In the current version of SwiftPM, binary targets only support libraries in an Xcode-oriented format called XCFramework, and only for Apple platforms.

SE-0303: Package Manager Extensible Build Tools is under a second review.

This is a proposal for extensible build tools support in Swift Package Manager. The initial set of functionality is intentionally basic, and focuses on a general way of allowing build tool plugins to add commands to the build graph. The approach is to:

  • provide a scalable way for packages to define plugins that can provide build-related capabilities
  • support a narrowly scoped initial set of possible capabilities that plugins can provide

The set of possible capabilities can then be extended in future SwiftPM versions. The goal is to provide short-term support for common tasks such as source code generation, with a design that can scale to more complex tasks in the future.

This proposal depends on improvements to the existing Binary Target type in SwiftPM — those details are the subject of the separate proposal SE-0305.

SE-0311: Task-local values is under a review.

This proposal is part of the larger concurrency feature. There have been quite a lot of these reviews, and there are a quite a few more coming, I’m afraid; still, we seem to have got through most of the more difficult ones. Thank you for your patience with all this.

SE-0309: Unlock existential types for all protocols is under a review.

Swift allows one to use a protocol as a type when its requirements meet a rather unintuitive list of criteria, among which is the absence of associated type requirements, and emits the following error otherwise: Protocol can only be used as a generic constraint because it has 'Self' or associated type requirements. Our objective is to alleviate this limitation to impact only the ability to access certain members (instead of preemptively sealing off the entire protocol interface), and adjust the specified criteria to further reduce the scope of the restriction.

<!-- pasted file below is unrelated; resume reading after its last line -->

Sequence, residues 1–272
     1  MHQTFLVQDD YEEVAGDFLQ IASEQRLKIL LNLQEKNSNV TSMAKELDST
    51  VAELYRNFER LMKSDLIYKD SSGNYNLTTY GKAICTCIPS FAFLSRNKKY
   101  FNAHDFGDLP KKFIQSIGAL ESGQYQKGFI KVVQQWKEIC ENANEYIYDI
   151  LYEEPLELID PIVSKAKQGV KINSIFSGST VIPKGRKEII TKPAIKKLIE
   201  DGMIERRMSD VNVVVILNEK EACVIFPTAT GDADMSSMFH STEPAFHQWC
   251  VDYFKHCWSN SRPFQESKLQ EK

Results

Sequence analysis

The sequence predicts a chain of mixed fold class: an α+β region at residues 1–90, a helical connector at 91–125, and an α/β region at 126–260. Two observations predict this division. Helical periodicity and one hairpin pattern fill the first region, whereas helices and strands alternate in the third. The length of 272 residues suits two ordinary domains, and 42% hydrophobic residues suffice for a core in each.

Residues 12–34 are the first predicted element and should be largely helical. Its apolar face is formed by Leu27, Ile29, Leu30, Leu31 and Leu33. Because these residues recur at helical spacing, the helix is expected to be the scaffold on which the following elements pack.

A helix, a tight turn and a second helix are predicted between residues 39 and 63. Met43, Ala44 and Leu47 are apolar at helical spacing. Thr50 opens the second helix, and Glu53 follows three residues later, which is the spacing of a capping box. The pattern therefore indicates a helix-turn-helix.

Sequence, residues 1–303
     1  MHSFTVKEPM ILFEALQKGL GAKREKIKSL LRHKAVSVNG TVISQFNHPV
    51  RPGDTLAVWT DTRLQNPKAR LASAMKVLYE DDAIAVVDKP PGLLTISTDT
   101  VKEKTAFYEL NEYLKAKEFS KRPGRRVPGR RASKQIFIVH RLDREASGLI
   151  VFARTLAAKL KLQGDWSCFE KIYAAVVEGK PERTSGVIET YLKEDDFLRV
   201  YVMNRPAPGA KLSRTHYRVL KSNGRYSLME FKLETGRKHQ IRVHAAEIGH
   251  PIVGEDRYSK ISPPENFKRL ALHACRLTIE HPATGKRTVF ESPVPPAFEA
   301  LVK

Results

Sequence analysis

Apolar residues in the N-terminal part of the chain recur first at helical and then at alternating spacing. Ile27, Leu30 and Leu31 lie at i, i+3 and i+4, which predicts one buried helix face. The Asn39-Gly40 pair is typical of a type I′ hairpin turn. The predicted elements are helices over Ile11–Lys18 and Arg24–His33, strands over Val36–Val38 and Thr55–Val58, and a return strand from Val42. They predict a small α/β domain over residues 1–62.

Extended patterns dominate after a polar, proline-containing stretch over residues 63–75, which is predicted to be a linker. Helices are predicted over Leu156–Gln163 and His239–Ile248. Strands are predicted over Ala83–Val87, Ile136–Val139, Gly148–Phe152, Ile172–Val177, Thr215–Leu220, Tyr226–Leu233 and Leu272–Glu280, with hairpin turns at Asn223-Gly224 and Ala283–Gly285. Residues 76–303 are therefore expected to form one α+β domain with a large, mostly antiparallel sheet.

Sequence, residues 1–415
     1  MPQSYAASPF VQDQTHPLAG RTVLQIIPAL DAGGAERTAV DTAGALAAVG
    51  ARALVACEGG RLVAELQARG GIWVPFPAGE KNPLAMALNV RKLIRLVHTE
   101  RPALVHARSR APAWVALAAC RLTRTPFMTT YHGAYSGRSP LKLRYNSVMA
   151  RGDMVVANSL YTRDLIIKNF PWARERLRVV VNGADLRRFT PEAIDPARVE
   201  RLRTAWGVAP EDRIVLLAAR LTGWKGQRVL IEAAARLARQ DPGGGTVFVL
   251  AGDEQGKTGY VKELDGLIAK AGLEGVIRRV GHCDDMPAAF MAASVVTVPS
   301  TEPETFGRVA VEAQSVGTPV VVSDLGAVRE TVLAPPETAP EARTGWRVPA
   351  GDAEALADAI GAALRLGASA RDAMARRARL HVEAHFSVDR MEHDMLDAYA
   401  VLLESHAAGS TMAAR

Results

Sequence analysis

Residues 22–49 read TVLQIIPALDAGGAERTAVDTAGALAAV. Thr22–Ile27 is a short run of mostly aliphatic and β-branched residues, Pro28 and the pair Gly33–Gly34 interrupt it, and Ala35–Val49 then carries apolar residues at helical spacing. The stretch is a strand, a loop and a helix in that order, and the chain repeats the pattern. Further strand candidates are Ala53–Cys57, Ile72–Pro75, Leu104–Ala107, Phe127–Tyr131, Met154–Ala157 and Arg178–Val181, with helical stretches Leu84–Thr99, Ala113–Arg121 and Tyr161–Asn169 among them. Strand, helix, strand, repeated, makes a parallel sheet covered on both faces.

This proposal is a preamble to a series of changes aimed at generalizing value-level abstraction (existentials) and improving its interaction with type-level abstraction (generics). For an in-depth exploration of the relationships among different built-in abstractions models, we recommend reading the design document for improving the UI of the generics model.

Swift-Evolution Pitch Threads: Thread #1, Thread #2

Swift Forums

Tim Vermeulen pitched a proposal to add indexed() and Collection conformances for enumerated() and zip(_:_:).

This proposal aims to fix the lack of Collection conformance of the sequences returned by zip(_:_:) and enumerated(), preventing them from being used in a context that requires a Collection. Also included is the addition of the indexed() method on Collection as a more ergonomic, efficient, and correct alternative to c.enumerated() and zip(c.indices, c).

Jonathan G. started an interesting discussion about making the “Undocumented/Private API” signifier _ official.

There is an undocumented convention in Swift, of appending an underscore “_” to a public symbol or attribute to communicate some special meaning.

However, you will not find any mention of this practice within Swift’s own documentation on swift.org, nor any explanation of the often subtle differences in meaning of “_”. (Please correct me if I’m wrong. I did several searches and came up with nothing, and several read-throughs.)

Kelvin Ma started a discussion about why Dictionary[position:] is not settable?

The Dictionary type exposes a non-nil subscript [position:] which takes a Dictionary.Index. I always wondered why this subscript is get-only, since I often find myself wanting to check if a key-value pair is present in the dictionary, and then mutate the value only if it exists.

Swift on the Server Workgroup meeting notes:


When you forget to get rid of your debugging statements